- A customer’s activity level in a savings bank: research we conducted in 2019 showed that socio-demographic criteria explained only 8% of a saver’s activity on their savings account.
- Use of an energy source: the location is often a determining factor in this type of research (connection to the gas network or not), as well as the type of dwelling.
Behavioral criteria are particularly important in notoriety research.
Example of a representative sample at the country level (socio-demographic criteria)
Country-wide surveys tend to be based on socio-demographic criteria. The table below shows the most frequently used criteria. The values for one country (France) are indicated.
|Criteria||The percentage to be reached||The example of France|
|Rural environment (<2000 inhabitants)||23%|
How to determine the criteria for a representative sample?
This brings us to the essential preparatory stage of defining the representativeness criteria. Defining the representativeness criteria for your sample means anticipating the characteristics of your respondents that will play a major role in their future behavior.
But how can you know in advance which criteria will play a role? There is little chance that the exact research you want to do has already been carried out by someone else and that the results are available. However, the behavior you want to assess has probably already been researched. Therefore, all you need to do is carry out documentary research to access this research. By reading them, you will be able to identify better the variables that have a proven influence and thus determine the representativeness criteria of your sample.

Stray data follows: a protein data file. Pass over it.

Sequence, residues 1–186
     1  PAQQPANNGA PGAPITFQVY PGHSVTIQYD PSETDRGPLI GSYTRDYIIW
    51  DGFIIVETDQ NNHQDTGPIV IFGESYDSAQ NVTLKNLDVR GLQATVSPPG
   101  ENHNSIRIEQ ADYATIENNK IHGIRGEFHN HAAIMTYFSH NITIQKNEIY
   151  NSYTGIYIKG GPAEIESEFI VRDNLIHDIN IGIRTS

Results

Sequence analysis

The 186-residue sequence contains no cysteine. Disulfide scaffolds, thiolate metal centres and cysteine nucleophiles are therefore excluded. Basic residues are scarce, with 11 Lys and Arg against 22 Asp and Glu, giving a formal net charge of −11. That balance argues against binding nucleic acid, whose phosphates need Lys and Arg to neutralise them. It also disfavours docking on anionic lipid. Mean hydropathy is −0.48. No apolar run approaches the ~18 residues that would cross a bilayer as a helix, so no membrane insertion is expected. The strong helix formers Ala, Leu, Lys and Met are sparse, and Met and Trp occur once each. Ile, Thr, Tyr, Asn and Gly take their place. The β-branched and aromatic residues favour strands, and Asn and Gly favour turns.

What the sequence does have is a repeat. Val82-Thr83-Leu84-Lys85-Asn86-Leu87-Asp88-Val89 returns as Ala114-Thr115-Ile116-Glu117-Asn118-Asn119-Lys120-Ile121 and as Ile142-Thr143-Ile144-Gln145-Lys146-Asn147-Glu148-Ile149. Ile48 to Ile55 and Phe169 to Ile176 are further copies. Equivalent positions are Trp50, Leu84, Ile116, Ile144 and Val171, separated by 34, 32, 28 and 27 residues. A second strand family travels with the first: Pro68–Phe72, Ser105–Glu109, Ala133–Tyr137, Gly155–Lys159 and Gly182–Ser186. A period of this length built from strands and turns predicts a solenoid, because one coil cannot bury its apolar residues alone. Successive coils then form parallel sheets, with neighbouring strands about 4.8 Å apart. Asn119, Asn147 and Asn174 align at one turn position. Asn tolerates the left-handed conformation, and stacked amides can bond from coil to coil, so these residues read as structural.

Example 1: market research for a new game console
In this first fictitious example, you want to research to assess the interest in a future high-performance game console. The research shows that high-performance consoles are used to play specific games (simulations, RPGs). Your survey will have to target people who already play these games to gather relevant opinions.
Your first representativeness criterion will therefore be behavioral: “owning a console.” The second criterion will be “play simulation or RPG games.”
Example 2: research on buying a foreign car
Buying a sustainable consumer good is a big project for market researchers like IntoTheMinds. In research on foreign cars, we found that socio-demographic criteria did not play a significant role. It was the brand of the current vehicle that was decisive.
How to create a representative sample for qualitative research?
The sample’s representativeness is often raised in the context of surveys (quantitative surveys). However, it can also arise in the case of qualitative research.
If you are conducting qualitative interviews or focus groups, your sample should cover the spectrum of socio-demographic profiles or behaviors likely to have an influence. Remember that qualitative research aims not to provide statistical certainty but to analyze the broadest range of profiles that fit the target.
The more profiling criteria you use, the larger your sample will be. We refer you to this page to help you determine the sample size. You will find all the information you need to use the calculator below.
Is a large sample size necessarily better than a smaller one?
Paradoxically, large sample size is not necessarily synonymous with accuracy. The fault lies in the representative nature of the sample. In this article, we explain how a Facebook survey of 250,000 people had a margin of error of 17% while a survey of 1000 people had a margin of error of 3 to 4%.
In conclusion, your sample choice determines your research’s quality. Defining a representative sample will assure reliable results and a minimized error rate, even with a small sample size. However, be careful not to go below certain minimum sample sizes:
- 100 respondents is the absolute minimum for a survey
- 15 respondents is a good starting point for qualitative research
Tags: market research methodology